Despite the EXUP valve to aid mid-range power, riders were expected to keep the OW01 above 9,000 rpm, and a whopping 119 hp was available at 14,000 rpm. The bike was littered with titanium and carbon fiber parts and weighed in, complete with road equipment, at a very competitive 412 pounds plus fuel and oil.
With a factory race kit thrown in all this was available to the aspiring OW01 racer for an eye-watering $12,000. Despite its high specification no one at Yamaha expected the bike to be raced in standard form.
Ergonomics felt strained for our contributor at first, but once on the track the design proved roomy compared to other race bikes.
“It was a lovely piece straight out of the box – really beautiful,” said Clive Padgett. “But we had to fit the factory race kit to it to be competitive. There were special race pistons, a different camshaft and electrics, a full race exhaust and a set of factory carbs. Not a lot really, because the standard bike was so good. We also went straight to the maximum oversized piston, which the regulations allowed. Finally, we restricted the airbox so that the bike pulled more cleanly at medium rpm.”
At the time of beginning this story the bike belonged to Jim Blomley – one of the world’s great classic motorcycle racing enthusiasts. Jim cracked up the OW01 outside his van in the Spa paddock whilst his brother Steve and I stood round like two love struck teenagers, listening to the harsh – almost crude – snarl of the barely silenced four-cylinder engine. For sure, this was not a road bike with a few cosmetic tweaks.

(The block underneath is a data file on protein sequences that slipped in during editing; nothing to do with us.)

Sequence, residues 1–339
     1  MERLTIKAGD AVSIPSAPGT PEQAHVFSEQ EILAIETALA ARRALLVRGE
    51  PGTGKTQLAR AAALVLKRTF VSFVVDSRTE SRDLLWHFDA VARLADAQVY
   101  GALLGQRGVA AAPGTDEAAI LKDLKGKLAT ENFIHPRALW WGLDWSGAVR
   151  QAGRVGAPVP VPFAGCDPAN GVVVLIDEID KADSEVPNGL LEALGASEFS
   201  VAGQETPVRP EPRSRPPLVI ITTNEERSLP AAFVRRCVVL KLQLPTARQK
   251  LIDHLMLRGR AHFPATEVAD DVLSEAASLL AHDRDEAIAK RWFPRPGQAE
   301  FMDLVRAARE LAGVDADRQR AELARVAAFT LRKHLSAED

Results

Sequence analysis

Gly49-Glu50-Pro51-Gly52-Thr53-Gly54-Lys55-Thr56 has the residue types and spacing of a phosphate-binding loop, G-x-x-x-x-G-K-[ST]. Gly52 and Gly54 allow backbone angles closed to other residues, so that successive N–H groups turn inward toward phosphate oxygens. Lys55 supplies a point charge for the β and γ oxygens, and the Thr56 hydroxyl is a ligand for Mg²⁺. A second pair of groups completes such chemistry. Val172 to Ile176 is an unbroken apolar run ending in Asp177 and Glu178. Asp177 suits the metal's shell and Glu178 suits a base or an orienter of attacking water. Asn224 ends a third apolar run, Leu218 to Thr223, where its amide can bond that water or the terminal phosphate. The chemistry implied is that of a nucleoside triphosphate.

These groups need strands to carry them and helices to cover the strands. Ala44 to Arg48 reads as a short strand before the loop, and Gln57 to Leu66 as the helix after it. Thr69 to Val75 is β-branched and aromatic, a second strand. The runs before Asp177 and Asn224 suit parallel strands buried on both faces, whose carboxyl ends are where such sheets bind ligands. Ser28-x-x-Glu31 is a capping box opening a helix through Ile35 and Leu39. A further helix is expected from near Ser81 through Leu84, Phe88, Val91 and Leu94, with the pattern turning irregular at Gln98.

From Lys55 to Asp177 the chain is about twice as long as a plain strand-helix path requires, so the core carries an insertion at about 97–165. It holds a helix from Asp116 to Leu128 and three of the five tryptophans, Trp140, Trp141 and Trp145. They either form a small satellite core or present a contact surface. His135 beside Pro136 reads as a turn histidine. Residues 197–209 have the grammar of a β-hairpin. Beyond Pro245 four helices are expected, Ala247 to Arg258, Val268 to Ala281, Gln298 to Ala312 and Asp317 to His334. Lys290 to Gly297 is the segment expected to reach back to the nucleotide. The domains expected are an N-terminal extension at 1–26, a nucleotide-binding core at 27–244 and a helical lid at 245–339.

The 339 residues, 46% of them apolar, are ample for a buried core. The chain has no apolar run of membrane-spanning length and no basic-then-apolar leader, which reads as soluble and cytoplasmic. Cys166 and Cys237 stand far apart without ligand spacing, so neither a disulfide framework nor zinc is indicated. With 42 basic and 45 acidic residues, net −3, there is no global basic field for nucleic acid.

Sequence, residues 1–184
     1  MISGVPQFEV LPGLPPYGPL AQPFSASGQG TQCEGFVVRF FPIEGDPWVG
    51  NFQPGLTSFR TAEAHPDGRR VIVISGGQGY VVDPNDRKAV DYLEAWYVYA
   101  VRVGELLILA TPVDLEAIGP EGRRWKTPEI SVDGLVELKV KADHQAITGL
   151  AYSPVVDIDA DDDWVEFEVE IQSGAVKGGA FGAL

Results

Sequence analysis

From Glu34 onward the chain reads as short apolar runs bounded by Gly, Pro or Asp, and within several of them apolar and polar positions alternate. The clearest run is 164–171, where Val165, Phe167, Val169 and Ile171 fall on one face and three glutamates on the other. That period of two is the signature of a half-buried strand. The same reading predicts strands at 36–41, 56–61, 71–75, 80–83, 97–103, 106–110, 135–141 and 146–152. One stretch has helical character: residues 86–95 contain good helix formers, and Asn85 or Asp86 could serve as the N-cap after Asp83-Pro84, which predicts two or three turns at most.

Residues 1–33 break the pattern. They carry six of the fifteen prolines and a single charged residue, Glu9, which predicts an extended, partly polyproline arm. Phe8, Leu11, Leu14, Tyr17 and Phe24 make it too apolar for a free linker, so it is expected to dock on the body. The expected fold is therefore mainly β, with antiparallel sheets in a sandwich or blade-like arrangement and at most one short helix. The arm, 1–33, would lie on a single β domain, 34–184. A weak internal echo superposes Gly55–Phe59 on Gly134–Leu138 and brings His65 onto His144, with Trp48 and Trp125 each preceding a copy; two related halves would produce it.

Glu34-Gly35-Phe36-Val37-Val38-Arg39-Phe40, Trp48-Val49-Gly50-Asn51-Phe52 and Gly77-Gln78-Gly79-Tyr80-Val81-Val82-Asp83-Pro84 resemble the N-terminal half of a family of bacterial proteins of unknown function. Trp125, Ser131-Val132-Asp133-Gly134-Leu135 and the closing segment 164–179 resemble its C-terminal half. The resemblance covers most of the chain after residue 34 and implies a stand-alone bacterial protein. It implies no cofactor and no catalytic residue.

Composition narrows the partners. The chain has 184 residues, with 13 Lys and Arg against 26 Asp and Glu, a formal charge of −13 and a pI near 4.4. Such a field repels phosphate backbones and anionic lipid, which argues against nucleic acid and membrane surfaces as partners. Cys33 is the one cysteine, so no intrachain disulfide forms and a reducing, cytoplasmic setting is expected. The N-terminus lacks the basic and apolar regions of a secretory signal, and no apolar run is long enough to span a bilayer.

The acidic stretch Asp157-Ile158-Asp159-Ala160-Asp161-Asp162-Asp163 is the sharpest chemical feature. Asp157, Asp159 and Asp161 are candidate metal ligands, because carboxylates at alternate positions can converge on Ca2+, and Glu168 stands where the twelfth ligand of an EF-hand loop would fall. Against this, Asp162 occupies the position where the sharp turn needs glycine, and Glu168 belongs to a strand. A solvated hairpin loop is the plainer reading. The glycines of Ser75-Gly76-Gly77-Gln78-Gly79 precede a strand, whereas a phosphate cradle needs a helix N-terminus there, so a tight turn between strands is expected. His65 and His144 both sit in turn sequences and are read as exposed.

The opportunity to ride a World Superbike that finished on the podium doesn’t come along very often, and I was desperate to get in the saddle. Two things struck me immediately, and they both came from the same source. The riding position is a full on racing crouch. This must have been utter agony on the road, and just the thought of taking this much weight on the wrists whilst pottering through towns at legal speeds was painful.
By the same token, the moment the OW01 hits the track the ergonomics are perfect. Being derived from a road bike, there is a vast amount of room by racing standards and it must have been a dream to ride in long World Superbike races.
I never would have known the motor was 22-years-old. The rev counter needle flicked round the dial as if the engine was factory fresh, and the close ratio gears popped in effortlessly with left-hand side, ‘down for up’ race pattern shift.
Jim was encouraging me to ride the bike flat out, but I changed gears conservatively at 12,000 rpm – rather than the 14,000 rpm of its heyday. This might have been a cautious approach, but no one thanks you for bringing back a valuable race bike with a large hole in the crankcase!
We were very grateful to Bikers Classics for allowing us to run the OW01 at their nostalgic event. The Spa Francorchamps’ circuit is the best race track in the world, being wide, grippy and with a huge range of climbs and descents. In fact, it’s a true GP circuit and very much the natural home for this world championship bike. Jim’s OW01 had not been on a track for a while, so the first job was to scrub the dirty rubber off the tires. Once clean, we had some